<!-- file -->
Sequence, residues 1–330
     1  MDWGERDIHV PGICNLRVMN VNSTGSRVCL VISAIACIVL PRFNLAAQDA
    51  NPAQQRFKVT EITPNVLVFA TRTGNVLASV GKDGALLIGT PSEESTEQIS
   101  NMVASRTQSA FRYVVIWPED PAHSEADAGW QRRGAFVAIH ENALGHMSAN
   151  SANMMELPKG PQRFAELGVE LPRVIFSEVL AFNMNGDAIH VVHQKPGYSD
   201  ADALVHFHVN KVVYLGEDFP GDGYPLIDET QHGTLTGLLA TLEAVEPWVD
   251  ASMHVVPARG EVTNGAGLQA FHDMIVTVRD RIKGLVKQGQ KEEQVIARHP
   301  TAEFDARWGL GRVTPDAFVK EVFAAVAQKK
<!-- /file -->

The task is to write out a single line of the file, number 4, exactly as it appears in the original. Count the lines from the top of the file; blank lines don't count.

   101  NMVASRTQSA FRYVVIWPED PAHSEADAGW QRRGAFVAIH ENALGHMSAN